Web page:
Transitioning from assumption of Secrecy to public exposure snares top dogs, College football is an example

Data Center is an industry where most assume secrecy is a standard practice.  Secrecy makes life easier as many can do things that aren’t known to the public.  But, with Facebook, Twitter, and many other social sites documenting people’s actions, it is harder to keep things secret.  One of the latest examples in College Football’s Ohio St football coach Jim Tressel.

The WSJ article reviews the situation.

The Sport That Can't Keep a Secret

College Football's Sins Keep Getting Publicly Exposed—But Isn't Sunlight a Disinfectant?


The public shaming of Ohio State football coach Jim Tressel is the latest in a series of revelations that have touched nearly all the top programs in college football and many of the sport's most prominent stars.

[tressel0310]Photo Illustration by The Wall Street Journal; Zuma Press

The recent suspension of Ohio State football coach Jim Tressel points to a complex truth.

The long trail of investigations, accusations, clarifications and statements of heartfelt contrition has cut from North Carolina to Oregon in recent months, scooping up national champions, famous coaches and Heisman Trophy winners.

Some see the openness as a good change.

The obvious conclusion to draw is that college football's moral center has been replaced with a delicious filling of creamy marzipan. (Good luck finding someone who would argue the other side). But the events of recent days also point to another, more complex truth: College football is becoming an impossible place to keep secrets.

"The more transparency, the more openness the better," said former Michigan athletic director Bill Martin. "I think this is all very healthy."

The NCAA has an impossible task to try and monitor football let alone all college athletics, but their life is much easier thanks to web properties like Facebook, Twitter, and

In the last year, NCAA investigators have been drawn to ask questions about everything from a report on that a player was at a party sponsored by an agent to a Facebook post in which one heavily recruited high school player posted about his new iPhone.

There have been controversies generated by reports of players who've been spotted in fancy cars. And because most schools are public institutions supported by taxpayers, they're required to respond to requests for information made under the Freedom of Information Act.

The mood is changing to help the NCAA catch the illegal action.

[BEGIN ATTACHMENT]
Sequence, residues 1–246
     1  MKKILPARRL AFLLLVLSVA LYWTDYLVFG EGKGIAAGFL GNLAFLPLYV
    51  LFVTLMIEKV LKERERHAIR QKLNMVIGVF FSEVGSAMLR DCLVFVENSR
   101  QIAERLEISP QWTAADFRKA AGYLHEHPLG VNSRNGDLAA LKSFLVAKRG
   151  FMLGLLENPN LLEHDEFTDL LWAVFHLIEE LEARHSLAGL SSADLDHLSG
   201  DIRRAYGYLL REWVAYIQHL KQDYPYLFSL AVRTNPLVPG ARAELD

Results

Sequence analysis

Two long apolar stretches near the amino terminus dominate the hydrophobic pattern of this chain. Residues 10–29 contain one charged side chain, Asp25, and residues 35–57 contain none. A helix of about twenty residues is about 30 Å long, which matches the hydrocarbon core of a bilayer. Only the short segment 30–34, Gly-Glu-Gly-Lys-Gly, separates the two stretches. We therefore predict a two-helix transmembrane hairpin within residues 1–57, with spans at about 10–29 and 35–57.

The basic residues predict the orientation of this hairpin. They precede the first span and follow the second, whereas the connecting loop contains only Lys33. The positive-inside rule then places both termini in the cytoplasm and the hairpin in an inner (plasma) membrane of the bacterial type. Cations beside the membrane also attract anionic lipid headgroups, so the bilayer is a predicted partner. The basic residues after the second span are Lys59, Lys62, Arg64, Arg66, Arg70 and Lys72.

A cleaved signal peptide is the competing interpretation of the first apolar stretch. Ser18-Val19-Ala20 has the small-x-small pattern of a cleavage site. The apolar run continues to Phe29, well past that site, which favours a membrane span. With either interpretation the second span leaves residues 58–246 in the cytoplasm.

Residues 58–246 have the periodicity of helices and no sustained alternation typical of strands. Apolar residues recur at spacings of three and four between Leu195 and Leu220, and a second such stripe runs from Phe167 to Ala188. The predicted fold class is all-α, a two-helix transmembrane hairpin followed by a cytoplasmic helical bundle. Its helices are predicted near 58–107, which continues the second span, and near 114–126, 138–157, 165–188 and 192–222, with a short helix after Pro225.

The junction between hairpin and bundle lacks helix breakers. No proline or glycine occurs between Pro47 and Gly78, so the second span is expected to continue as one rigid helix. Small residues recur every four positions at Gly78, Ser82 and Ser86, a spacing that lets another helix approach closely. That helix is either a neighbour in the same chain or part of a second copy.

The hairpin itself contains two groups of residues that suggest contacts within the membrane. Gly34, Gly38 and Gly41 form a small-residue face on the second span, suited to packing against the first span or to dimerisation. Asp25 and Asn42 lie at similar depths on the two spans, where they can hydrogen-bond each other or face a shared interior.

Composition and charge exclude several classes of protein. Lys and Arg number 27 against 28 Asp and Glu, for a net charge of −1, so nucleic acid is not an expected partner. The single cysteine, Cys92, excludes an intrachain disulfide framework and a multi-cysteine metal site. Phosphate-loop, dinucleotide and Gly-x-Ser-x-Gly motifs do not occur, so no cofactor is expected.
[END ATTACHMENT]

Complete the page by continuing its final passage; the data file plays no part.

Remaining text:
Beyond enforcement, however, there's a growing consensus throughout college football that the NCAA is simply doing a better job of collecting information. "In the past, the NCAA was often criticized for not knowing what's going on in the real world," Baker said. "I think we've got a pretty good idea. Coaches and players are starting to realize that as well."

What's often forgotten is that the immense popularity of college football, the intensity of its rivalries and the increasing interconnections of its fans, have created another potent police force. The result: more messes are being exposed. But the sport is also seeing more than its share of sunlight. And as Justice Louis Brandeis said, "Sunlight is the best disinfectant."

"I don't know that things are a lot different—it's just that people are turning in schools now that weren't before," said Gary Barnett, the former Northwestern and Colorado coach. "It really comes down to all of the hype that's around this sport. The hype is involved, therefore the interest is involved, and people are willing to come forward."

In the future there is going to be a data center disaster that will break the code of secrecy in a location.  What type of event?  Imagine if there was a loss of life due to a data center going down or a data center is proven to be the center of criminal activity.  An investigation into the data center could bring out a bunch of people who were witnesses to illegal activities.  What kind?  Watch where the money flows.

Ironically what could snare some of the top dogs is how they are proven to know of the inappropriate activity, but as long as the data center was running it is not a priority.  Ethics in the data center should help transparency and openness which also makes it easier to green the data center.